Work and lifestyle on the cutting edge. In discussions with contemporaries we review the assertions, clichés and ideals which circulate around work environments. This time we spoke with Susie Wolff, development driver for the Williams Martini Racing Team. She told us about her way to success, the role teamwork plays in the F1 and that daily dose of adrenalin on the track.
Born in Scotland, Susie Wolff discovered her love for motorsport at an early age. After 16 years of race experience, she had her debut in DTM, one of the most popular touring car championships in the world. After seven successful seasons for Mercedes Benz it was time for a new challenge: driving a F1 car. This dream came true in April 2012, when “the fastest woman in the world“ was appointed development driver for the Williams Martini Racing Team.
What is a typical work day like for Susie Wolff? Or is there no such thing?
Everyday is different for me depending on the time of year which I relish as I'm not someone who likes routine. At the start of the F1 season we are away for nearly 5 weeks as the first 4 races are fly away. During the middle of the season it gets easier as most races in Europe but then we finish again with fly away races. In the winter I am more focused on fitness training and my simulator work. During the season there is a lot more traveling and PR/marketing work for the team.
Could one say that your car is your workplace? Which other places are part of your working life?
Well because testing is banned in F1 (to keep costs down) there is very limited track time for me. This season I did one test day at Barcelona and will do two free practice sessions at the British and German GP therefore I would say the simulator back at the Williams F1 factory is more like my work place.
Oxford is where we base ourselves when we are in the UK. This works really well as the Williams F1 team is half an hour south and my husbands' team, Mercedes GP is half an hour north.
Otherwise I am based in Switzerland. That is mainly where I train and travel from.
Can you imagine working in an office all day?
Yes, as long as I was doing a job I enjoyed and had a passion for. As a racing driver, you have a shelf life (unfortunately!) so my plan is to move into the business side of F1 when my career is over. I may be calling you for some nice office furniture in the future!
What significance does your team have for your work?
Although the driver takes a lot of the glory in F1, in reality they are simply the last line of attack in a big team effort. We have over 500 people back at the Williams factory, all working to make two race cars go as fast as possible. That is incredible when you think about it, there are some amazingly talented engineers pushing the boundaries and advancing technology in the automotive world. Without a great team and the effort of each and every person in that team, success doesn't come in F1.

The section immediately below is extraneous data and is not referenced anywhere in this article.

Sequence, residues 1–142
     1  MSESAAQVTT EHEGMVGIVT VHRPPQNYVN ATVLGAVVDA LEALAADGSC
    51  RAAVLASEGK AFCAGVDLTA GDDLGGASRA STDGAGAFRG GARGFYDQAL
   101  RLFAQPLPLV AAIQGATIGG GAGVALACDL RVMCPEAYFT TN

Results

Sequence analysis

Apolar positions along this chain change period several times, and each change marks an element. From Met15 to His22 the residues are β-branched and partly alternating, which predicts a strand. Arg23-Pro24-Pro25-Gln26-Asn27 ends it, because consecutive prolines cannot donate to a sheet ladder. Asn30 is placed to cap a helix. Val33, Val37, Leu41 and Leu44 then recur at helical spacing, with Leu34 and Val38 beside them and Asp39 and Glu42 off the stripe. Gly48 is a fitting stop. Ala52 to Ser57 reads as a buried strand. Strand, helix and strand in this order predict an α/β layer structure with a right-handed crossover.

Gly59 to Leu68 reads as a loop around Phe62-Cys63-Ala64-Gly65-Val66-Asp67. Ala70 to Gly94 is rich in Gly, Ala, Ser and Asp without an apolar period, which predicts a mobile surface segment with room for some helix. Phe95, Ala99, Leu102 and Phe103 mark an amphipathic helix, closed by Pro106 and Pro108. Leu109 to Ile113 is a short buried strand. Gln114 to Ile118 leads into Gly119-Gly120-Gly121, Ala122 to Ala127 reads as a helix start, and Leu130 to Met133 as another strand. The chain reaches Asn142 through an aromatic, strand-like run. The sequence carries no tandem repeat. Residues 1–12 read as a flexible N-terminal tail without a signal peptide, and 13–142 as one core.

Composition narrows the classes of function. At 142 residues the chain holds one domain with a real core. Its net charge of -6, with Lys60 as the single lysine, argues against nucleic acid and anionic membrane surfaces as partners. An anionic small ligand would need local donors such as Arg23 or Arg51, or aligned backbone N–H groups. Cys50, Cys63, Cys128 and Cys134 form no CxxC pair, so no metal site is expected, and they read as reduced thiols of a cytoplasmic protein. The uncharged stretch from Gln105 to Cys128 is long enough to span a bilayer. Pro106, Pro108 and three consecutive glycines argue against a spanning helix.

Do you draw a clear line between work and free time, or do the boundaries get blurred?
The boundaries definitely overlap because I love my job and racing is without a doubt my passion. I started racing when I was only 8 years old so I have been involved in Motorsport for a long time. My husband is in the same industry so it plays a big part in our lives. That said, we also know how to have a life outside of Motorsport. I was lucky to find my passion in life. If you can find something you actually enjoy doing and have a passion for then success comes just that bit easier and the tough days and disappointments are just that it easier to cope with. On top of that, dream big. You need to have goals in life and know what you want to achieve but always know that a dream without a plan of how you are going to achieve that dream is just a wish.
What do you like most about your job?
Success brings massive satisfaction and the adrenaline you get driving an F1 car is fantastic but real happiness for me comes from much simpler things, waking up next to my husband in the morning, laughing and joking over the dinner table with my family and friends.
The favorite part of my job is the travelling, meeting new people and experiencing new cultures.
Are there certain rituals that you consider important in your everyday work routine?
No, but I do think its so important to move your body and try to eat healthy, this can make such a difference to your performance. I am lucky that I need to be extremely fit for my job but I always feel so much better after exercise and good food.
What is the most important tool for your work?
What would you wish for in your work?
I want to race in F1. It's that simple.
Thank you for the interview!
© Cover: Wiliams Martini Racing